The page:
Of all of the results that were unearthed in Martin’s research, this one was the most confounding to me — until I realized that it was completely inappropriately named.
Saying that “sales intuition” is a top attribute of a sales leader strikes me as complete bullshit on a number of levels — not least of all, how do you measure intuition?
Sure, we’ve all had the argument — how much of sales is learned behavior, and how much are you born with? Heck, I’ve argued it both ways myself. But it turns out, what’s being discussed here isn’t really intuition, and isn’t really that complicated at all. I’ll quote the HBR article in full:
While the average sales experience for both high-performing and underperforming sales managers was 17 years, high-performing sales managers estimated they have achieved their annual quota 88% of the time over the course of their career. Underperforming sales managers indicated they have achieved their quota 75% of the time. This suggests that the depth of a manager’s sales intuition—the practical knowledge gained from the experiences of participating in sales cycles and managing salespeople—is directly associated with their success.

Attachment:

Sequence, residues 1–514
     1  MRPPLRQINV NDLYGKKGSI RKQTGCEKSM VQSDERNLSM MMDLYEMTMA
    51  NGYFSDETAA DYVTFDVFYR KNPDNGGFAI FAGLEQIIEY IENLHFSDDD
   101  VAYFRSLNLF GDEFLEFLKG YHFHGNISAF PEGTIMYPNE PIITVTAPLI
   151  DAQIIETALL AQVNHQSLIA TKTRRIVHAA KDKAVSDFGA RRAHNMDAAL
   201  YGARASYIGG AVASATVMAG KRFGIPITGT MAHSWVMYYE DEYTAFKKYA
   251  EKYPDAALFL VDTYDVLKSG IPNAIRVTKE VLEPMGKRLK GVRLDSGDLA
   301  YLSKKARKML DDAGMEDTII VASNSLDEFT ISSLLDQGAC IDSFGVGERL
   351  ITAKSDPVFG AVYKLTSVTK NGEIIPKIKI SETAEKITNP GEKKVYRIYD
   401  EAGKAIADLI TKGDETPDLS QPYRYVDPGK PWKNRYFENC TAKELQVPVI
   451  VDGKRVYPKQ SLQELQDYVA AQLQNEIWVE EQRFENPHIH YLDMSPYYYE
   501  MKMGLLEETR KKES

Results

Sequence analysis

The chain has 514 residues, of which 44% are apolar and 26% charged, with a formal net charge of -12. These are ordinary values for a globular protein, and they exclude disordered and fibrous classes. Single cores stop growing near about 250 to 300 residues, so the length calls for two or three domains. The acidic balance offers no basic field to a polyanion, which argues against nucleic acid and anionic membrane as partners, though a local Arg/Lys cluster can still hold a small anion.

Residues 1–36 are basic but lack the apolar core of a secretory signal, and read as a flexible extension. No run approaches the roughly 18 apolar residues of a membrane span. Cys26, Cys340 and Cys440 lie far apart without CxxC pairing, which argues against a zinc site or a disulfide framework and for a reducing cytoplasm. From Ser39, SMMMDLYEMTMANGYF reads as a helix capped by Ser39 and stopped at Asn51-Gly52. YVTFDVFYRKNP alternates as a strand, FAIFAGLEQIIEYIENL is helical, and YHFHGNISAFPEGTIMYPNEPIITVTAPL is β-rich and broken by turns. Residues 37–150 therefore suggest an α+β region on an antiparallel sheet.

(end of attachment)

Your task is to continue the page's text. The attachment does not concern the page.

See what I mean? That’s a terrible definition of intuition. BUT. It doesn’t make the point wrong. I absolutely concur that sales is a professions where practice makes perfect. You have to get your teeth knocked in — over and over and over — and keep coming back for more. It’s not just about resistance in the face of “no”. It’s about learning all of those “sales skills”. Overcoming objects. Getting to yes. Getting past the gatekeeper.
A great sales leader doesn’t have to be a great salesman. In fact, I’ve argued that he shouldn’t be. But there’s a difference between being a great salesman and a good one. Any great sales leader has to have served in the trenches, and has to have been good enough at it to keep the respect of his subordinates.
You have to do the work.